Crop reports damage weak grain market


Friday, USDA released the World Agricultural Supply and Demand Estimates report (WASDE) and the U.S. Crop Production estimate for August. The market reacted with a groan.

In the reaction, December corn futures closed 11 cents lower, November soybeans closed down 421⁄4 cents, and Chicago December wheat futures closed down 17 cents. Monday’s market followed through with losses, but a strong bounce on this Turnaround Tuesday has corn up almost 2 cents and beans up 8.

The report reaction took away the bounce in prices we had seen in the last few days and cast a negative tone for the balance of the summer.

The corn crop is now expected to give us a record yield, at 178.4 bushels/acre, up from 174 bpa forecast in the July report. Because of reduced acres, this will not give us a record crop, but it will be second to the crop of 2015-2016. The result is an ending stocks estimate of 1.68 billion bushels, up from the July estimate of 1.55 billion.

The negativity continued with the soybeans. We now look for a crop of 4.59 billion bushels, up 4 percent from last year, and a record. The yield of 51.6 bpa comes as July’s estimate was only 48.5 bpa. The ending stocks would increase to 785 million for next year’s crop, 250 million more than the biggest pre-report trade guess.

This is the shock that drove the prices down Friday.

Our wheat crop is now estimated to come in at 1.88 billion bushels. That is a little below the July estimate, but still 8 percent better than last year.

The spring wheat is still being harvested, so the U.S. total crop of all classes is still an estimate. The spring wheat harvest is at 35 percent, well ahead of the average of 27 percent. Dry weather In the Northern Plains has helped harvest.

Wheat prices also dropped the last two sessions, partly in sympathy to the bean drop, and partly because of world Supply and Demand Report news. The world crop, although with problems, did come in ahead of estimates.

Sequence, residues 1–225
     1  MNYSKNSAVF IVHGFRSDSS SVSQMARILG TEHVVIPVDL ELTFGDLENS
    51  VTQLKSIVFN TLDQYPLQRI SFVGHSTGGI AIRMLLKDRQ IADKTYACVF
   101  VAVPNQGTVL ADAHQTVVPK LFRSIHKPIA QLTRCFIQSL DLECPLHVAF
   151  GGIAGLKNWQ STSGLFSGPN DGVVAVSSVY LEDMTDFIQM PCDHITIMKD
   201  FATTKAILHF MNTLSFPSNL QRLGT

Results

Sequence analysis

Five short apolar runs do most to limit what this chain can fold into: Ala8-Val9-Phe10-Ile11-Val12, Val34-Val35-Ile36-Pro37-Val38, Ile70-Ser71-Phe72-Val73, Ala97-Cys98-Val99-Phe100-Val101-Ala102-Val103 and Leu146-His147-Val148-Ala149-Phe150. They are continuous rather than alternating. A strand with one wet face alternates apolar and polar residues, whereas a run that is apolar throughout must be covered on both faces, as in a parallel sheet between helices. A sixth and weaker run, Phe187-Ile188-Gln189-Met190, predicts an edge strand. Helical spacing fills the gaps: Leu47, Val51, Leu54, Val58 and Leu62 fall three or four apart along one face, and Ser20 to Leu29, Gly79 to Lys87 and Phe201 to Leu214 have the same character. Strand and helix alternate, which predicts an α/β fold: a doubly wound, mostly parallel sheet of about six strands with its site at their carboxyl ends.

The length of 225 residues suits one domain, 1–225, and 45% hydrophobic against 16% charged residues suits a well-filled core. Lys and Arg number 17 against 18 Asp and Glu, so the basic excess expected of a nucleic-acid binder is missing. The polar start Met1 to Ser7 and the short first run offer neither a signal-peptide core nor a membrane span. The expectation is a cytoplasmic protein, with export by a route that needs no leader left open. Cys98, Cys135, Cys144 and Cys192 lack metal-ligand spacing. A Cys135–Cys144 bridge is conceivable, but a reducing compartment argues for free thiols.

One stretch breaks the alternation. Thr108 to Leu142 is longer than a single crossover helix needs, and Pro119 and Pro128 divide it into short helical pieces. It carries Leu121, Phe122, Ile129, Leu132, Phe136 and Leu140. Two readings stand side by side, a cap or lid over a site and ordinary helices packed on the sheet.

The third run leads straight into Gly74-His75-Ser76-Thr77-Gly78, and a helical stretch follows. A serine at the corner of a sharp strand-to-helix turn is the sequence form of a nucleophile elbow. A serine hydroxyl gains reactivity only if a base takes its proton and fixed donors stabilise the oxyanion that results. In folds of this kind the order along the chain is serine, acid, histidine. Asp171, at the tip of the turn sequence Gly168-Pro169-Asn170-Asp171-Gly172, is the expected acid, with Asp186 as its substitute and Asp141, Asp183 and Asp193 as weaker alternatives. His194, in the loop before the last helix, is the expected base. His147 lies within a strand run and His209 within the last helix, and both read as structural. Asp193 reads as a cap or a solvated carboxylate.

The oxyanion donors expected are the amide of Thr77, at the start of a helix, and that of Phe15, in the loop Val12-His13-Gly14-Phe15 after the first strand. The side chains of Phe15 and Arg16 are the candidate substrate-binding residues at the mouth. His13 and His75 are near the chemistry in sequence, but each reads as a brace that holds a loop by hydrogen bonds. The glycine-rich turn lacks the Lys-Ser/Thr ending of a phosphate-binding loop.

This has been a weird year for weather, yield projections, and price action. Markets rallied sharply in May, as we struggled to get the crops planted. We caught up the end of May, then had a good June. The better weather took the negatives out of production, and prices declined.

The decline was acerbated by politically driven export news that tariffs would hurt our exports.

Now, we have further production news that the crops are getting bigger. The prospects of better prices that we had seen from the early August bounces in price now seem gone.

Now the outlook is for yet again a huge crop, our third in a row. At the same time we have China buying beans from South America, and the news that the Brazilians will continue to expand their acres. In the last two years they have increased 4.9 million acres, partly by reducing sugarcane production.

Disciplined farmers sold a chunk of new crop corn and beans in May. Nobody I know sold very much. All I talk to lament that they did not sell more, but it was early and the prices were still not that good.

Now we look forward to what is projected to be an early harvest for many, with the USDA Crop Condition report showing early maturity. The amount dented now is double the five-year average, at 26 percent versus a normal 13. Ohio is at 16 percent, versus an average of 7 percent dented.

I continue to say that, if we can just get the yields, high yields and low prices give more income than low yields and high prices. It’s just, higher prices are better.

At this point, higher prices seem like a corn-cob pipe dream.



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